Meanwhile, the high visibility of the protests has given European funders pause. The EBRD and EIB have both announced that they are reconsidering their plans to finance the project, which could ultimately derail the development. But perhaps most importantly, the forests defenders are being taken seriously and have reached a wider audience. They’re well organized, media savvy, and one step ahead of the often tone deaf Russian government. This doesn’t mean they’ll win but it does perhaps mark a shift in the ability of everyday citizens to influence government decisions.

As Radio Free Europe recently noted:

Chirikova is emblematic of a new wave of civic activists in Russia — ordinary people motivated by everyday bread-and-butter concerns who are increasingly finding their voices as engaged — and sometimes enraged – citizens.

From automobile owners in Vladivostok taking to the streets to protest import tariffs to teachers and students in Ulyanovsk staging a hunger strike over school closures, the last several years have witnessed a whole new class of Russians becoming more socially and politically aware.

Whether a “whole new class” of politically minded Russians has come to the fore is debatable. But small groups often fighting single-issue campaigns are finding ways to organize themselves and, in some cases, have emerged victorious. This is all unfolding against the backdrop of an increasingly authoritarian state, one that has been weakened by the financial crisis and its inability to deal effectively with a crippling drought, heat wave, and forest fires that have consumed more than 2 million acres of woodland.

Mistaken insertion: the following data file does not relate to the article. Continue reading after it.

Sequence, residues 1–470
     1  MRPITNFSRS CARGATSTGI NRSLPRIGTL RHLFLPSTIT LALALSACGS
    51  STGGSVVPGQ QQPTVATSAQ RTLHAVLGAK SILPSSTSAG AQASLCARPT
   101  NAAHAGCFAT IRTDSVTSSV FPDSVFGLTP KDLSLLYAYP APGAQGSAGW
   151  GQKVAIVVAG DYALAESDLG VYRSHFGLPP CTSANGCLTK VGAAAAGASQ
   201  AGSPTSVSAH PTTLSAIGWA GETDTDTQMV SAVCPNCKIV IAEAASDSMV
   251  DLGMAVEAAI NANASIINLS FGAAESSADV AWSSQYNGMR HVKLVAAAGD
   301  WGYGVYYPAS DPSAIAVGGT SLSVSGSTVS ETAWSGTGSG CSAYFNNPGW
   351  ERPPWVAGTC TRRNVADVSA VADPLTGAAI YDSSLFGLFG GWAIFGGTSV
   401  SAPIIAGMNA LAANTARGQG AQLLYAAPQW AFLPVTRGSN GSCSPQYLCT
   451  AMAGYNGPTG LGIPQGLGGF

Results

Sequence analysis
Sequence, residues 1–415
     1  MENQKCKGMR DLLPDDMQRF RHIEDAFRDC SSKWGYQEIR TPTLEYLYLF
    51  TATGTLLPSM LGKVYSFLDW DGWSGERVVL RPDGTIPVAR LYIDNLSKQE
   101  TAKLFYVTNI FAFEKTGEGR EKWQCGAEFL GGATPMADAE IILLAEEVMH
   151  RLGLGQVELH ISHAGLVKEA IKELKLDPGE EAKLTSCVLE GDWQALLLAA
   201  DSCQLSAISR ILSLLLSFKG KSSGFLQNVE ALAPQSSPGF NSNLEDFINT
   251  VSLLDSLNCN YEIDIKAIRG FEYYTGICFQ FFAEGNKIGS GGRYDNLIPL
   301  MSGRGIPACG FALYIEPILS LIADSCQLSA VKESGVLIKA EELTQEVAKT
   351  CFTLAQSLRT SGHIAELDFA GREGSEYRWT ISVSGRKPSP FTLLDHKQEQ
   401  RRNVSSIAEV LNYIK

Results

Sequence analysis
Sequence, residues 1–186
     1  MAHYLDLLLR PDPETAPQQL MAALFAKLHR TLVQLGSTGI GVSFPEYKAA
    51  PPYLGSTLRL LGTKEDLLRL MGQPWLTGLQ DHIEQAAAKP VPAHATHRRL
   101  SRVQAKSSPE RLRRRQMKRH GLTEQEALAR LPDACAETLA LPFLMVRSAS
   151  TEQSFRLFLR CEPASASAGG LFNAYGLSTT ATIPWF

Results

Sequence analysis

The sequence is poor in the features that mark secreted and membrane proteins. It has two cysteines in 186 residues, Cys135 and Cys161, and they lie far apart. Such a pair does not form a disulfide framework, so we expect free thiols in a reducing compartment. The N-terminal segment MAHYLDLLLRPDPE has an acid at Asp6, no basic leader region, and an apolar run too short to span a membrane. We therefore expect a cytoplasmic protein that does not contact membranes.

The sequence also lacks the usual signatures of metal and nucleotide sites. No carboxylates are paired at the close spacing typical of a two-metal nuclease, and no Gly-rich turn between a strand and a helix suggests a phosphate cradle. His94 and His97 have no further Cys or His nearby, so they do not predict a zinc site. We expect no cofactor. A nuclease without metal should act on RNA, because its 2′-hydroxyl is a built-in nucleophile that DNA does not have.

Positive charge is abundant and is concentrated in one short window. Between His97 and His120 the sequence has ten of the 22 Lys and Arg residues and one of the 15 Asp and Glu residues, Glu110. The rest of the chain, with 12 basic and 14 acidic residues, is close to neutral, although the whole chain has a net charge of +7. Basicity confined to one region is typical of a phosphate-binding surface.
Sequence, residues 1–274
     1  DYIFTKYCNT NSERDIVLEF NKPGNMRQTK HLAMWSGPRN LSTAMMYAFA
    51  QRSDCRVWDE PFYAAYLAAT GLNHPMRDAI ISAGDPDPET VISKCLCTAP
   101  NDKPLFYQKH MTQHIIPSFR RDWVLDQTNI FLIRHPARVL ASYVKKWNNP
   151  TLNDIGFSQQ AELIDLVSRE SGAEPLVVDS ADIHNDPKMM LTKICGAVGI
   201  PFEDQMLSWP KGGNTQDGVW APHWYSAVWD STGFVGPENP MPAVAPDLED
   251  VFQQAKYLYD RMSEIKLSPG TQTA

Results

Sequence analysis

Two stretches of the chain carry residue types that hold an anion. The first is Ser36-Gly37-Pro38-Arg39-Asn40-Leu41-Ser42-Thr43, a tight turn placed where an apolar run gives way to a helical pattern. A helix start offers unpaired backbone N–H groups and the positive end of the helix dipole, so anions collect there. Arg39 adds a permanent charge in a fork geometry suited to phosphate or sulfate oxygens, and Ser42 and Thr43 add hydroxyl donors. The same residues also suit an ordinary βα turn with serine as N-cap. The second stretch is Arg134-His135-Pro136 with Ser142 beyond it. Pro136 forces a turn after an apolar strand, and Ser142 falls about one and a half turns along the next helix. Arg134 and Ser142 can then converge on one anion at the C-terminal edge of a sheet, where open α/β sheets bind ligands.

Civil disobedience in Russia isn’t a spectator sport. Those who choose to challenge the state often face severe and, in some cases, deadly reprisals. Russia remains one of the most dangerous countries in the world for journalists, trailing only Iraq and Algeria, according to the Committee to Protect Journalists. Some of its most prominent investigative reporters have been killed in broad daylight in the nation’s capital. Mikhail Beketov, a journalist and activist who covered the Khimki forest issue and was critical of the local administration, was left brain dead after being beaten by thugs. Human rights lawyers and activists continue to come under the gun in Russia. At the Sunday rally in Moscow, prominent human rights leader Lev Ponomaryov and two Solidarity opposition leaders were arrested.

Yet none of this has deterred Chirikova or her colleagues. Holding few illusions, the young activist recently acknowledged that the construction of the highway would likely begin very soon.

“The next step is probably that they will start building,” she told the Washington Post. “We are ready. It is going to be very loud.”

Adam Federman, Contributing Editor, Earth Island Journal
Adam Federman is a contributing editor at Earth Island Journal. He is the recipient of a Polk Grant for Investigative Reporting, a Middlebury Fellowship in Environmental Journalism, and a Russia Fulbright Fellowship. You can find more of his work at adamfederman.com.

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Comments

this is great info well sorta

By morgan dotts on Mon, October 11, 2010 at 8:09 am